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April 1992

Lymphoproliferative Nature of Granulomatous Slack Skin: Clonal Rearrangement of the T-cell Receptor ß-Gene

Author Affiliations

Department of Dermatology Faculty of Medicine University of Barcelona Casanova 143 08036 Barcelona, Spain

Arch Dermatol. 1992;128(4):562-563. doi:10.1001/archderm.1992.01680140146024

To the Editor.—  Granulomatous slack skin (GSS), an infrequent disorder characterized by progressively pendulous skin folds in flexural areas,1-4 has been considered autoimmune or inflammatory.2,3 Some cases have been associated with Hodgkin's disease.2 A histologic aspect similar to mycosis fungoides has been reported,1,5 which suggests that GSS could be a special variety of cutaneous T-cell lymphoma. Immunophenotype studies5 and clonal rearrangement of the T-cell β-receptor gene4 have shown the lymphoproliferative nature of this disease.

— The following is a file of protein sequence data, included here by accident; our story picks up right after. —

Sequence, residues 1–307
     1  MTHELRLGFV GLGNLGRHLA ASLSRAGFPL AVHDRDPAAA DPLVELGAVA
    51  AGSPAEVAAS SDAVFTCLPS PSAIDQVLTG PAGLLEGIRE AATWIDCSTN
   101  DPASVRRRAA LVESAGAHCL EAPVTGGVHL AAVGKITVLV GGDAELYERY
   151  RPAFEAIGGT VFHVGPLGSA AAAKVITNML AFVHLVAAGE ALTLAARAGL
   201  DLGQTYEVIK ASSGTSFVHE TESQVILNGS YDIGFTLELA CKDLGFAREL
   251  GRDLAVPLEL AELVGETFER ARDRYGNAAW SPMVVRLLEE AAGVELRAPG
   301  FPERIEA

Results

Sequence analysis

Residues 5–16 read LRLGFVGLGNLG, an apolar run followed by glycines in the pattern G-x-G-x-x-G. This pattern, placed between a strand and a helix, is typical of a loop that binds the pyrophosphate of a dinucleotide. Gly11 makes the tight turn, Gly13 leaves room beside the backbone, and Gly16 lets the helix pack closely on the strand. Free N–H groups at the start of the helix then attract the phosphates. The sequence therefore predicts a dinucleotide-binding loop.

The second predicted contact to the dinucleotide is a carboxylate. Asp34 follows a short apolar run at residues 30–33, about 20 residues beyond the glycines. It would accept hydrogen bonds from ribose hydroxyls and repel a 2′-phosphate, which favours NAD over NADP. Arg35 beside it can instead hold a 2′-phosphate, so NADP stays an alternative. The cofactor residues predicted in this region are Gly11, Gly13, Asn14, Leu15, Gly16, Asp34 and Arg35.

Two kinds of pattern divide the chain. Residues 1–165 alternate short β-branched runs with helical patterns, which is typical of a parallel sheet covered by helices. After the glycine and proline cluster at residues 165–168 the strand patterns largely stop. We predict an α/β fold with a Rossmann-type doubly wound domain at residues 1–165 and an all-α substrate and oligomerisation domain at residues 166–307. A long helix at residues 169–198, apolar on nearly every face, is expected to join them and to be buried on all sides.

Report of a Case.—  In June 1989, a 66-year-old man presented with a submammary tumor that became enlarged during the previous 3 years. He had appreciable hyperpigmentation on the lumbosacral region and on the lower limbs. Later, a left supraclavicular nodule and night fever developed.The findings from the clinical examination revealed generalized poikiloderma and hyperpigmentation, a bulky fold under the left armpit, and pendulous indurated skin formations in the